Galatians 3: 27For as many of you as have been baptized into Christ have put on Christ.
Galatians 3:  28There is neither Jew nor Greek, there is neither bond nor free, there is neither male nor female: for ye are all one in Christ Jesus.
Galatians 3:  29And if ye be Christ's, then are ye Abraham's seed, and heirs according to the promise.

Those who live by faith attain the righteousness required to become children who become heirs of God.  It is not something they can achieve or acquire on our own.  It is not something they receive by genetic inheritance.  It is something God gives to them by grace, and they receive it by faith. 
 RR
Raul Diaz

Friday, September 1, 2017

Two Covenants: A Fork in the Road

Two Covenants: A Fork in the Road

Driving Eastbound on I-94 in Chicago (it is southbound in Chicago) the road splits.  It is what some call a fork in the road.   I-94 continues to the left (eastbound), and I-57 continues to the South.  Signs are warning of a split in the road a mile or two ahead.   They also suggest possible destinations for each route will take.  Depending on where you are going you will go right or left.  There is no reason why anyone should go in the wrong direction.  But, some manage just that.  Taking one route means not taking the other.   The implication is that if you take the wrong route, you will gradually go farther off your intended destination.  The farther you go on the wrong road, it will probably be longer and harder to get back on track.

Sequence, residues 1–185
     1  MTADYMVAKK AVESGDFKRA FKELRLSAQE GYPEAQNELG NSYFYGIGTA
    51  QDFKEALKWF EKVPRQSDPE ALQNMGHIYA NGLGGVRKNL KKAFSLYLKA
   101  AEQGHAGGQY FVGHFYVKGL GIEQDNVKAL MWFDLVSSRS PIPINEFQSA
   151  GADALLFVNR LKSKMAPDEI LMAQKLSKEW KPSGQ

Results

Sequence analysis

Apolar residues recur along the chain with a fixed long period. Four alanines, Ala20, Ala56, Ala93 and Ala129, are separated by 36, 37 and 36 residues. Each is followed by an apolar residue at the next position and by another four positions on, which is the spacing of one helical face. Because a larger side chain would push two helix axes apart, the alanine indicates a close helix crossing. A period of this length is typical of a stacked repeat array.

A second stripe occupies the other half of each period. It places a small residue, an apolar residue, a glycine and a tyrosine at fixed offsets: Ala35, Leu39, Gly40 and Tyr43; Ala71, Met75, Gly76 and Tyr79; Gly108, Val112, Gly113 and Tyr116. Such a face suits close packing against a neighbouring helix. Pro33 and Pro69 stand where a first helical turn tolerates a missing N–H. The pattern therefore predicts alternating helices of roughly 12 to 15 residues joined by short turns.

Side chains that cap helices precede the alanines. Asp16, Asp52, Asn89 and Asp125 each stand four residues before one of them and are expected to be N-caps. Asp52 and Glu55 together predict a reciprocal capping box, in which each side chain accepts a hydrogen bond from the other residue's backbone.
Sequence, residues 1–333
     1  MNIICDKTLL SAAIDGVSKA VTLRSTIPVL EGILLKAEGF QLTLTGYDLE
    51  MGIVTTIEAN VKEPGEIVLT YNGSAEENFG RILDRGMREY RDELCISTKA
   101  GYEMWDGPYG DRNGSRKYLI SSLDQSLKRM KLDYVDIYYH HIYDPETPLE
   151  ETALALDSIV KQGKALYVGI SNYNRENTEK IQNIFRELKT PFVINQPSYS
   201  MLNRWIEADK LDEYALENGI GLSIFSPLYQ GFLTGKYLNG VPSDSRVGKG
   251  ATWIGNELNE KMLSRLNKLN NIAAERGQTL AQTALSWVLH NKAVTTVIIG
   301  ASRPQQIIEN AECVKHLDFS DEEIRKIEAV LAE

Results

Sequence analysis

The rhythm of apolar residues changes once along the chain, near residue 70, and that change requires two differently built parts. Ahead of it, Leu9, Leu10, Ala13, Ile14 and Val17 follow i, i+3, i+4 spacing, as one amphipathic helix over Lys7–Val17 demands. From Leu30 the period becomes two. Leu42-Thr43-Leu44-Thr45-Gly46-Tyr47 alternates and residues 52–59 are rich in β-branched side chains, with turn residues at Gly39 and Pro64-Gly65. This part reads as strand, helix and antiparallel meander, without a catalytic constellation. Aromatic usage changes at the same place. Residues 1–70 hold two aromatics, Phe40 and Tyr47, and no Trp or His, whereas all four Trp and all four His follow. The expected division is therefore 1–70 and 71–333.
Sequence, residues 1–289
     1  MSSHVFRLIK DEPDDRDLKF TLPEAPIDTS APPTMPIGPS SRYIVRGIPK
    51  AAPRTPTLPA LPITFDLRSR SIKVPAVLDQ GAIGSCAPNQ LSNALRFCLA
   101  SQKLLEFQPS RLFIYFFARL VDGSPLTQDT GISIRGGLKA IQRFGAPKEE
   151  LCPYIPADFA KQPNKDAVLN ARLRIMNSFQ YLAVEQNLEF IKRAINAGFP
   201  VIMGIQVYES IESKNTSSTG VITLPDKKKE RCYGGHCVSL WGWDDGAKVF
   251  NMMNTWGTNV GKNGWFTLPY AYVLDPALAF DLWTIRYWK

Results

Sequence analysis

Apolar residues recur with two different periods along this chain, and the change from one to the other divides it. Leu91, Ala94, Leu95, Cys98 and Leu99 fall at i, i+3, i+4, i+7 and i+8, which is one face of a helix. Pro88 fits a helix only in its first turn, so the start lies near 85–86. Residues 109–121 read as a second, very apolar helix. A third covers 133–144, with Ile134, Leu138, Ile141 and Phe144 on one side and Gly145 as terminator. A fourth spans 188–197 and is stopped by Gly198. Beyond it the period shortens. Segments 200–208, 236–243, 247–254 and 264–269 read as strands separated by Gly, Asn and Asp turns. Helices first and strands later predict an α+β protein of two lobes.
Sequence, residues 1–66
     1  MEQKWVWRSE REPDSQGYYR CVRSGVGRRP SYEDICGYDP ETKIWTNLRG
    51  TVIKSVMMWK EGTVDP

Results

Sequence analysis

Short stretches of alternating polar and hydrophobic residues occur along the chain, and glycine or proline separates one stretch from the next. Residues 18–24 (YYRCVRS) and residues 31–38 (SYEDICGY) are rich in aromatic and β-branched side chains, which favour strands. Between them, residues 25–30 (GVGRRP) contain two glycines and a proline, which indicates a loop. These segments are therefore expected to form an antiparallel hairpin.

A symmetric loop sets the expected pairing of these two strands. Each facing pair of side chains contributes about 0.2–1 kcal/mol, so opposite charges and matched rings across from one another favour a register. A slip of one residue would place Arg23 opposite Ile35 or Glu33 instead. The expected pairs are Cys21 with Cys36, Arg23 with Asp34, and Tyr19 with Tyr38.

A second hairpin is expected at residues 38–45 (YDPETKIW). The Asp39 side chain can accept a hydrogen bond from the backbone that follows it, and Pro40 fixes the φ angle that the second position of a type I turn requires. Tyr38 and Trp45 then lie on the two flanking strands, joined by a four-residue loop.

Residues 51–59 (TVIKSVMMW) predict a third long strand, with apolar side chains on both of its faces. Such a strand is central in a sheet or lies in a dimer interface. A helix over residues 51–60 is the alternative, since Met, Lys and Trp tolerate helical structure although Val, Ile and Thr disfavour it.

At Sinai, the Israelites came to a spiritual fork in the road (Exodus 19 and 20).  They had had to choose which spiritual road to take.  Their issue was not that they did not want to go where God intended to take them.  They thought they could get there by going on the road of their choosing and not God's intended way.  They sincerely thought their chosen road could take them there.  So, they deviated from God's way and took the other.

Abraham had a similar experience of a spiritual fork in the road.  Like the Israelites later, it was not that Abraham did not want what God promised him.  Abraham thought he could get there following a path of his choosing.  Abraham believed that he could fulfill God's promise to him, by performing methods not suggested nor approved by God.  Thus, Abraham conceived a child with Hagar (Genesis 16: 4).  Once Abraham went down that road, it would take years of hardship to get back on track.  God's idea and intention were that Abraham conceived with Sarah (Genesis 17: 16, 19). 

According to Paul, this event was symbolic of the Old covenant.  When Abraham finally conceived with Sarah, it was the new covenant.  Let us read Galatians 4:22-26,

Galatians 4: 22 For it is written, that Abraham had two sons, the one by a bondmaid, the other by a freewoman.
Galatians 4: 23 But he who was of the bondwoman was born after the flesh; but he of the freewoman was by promise.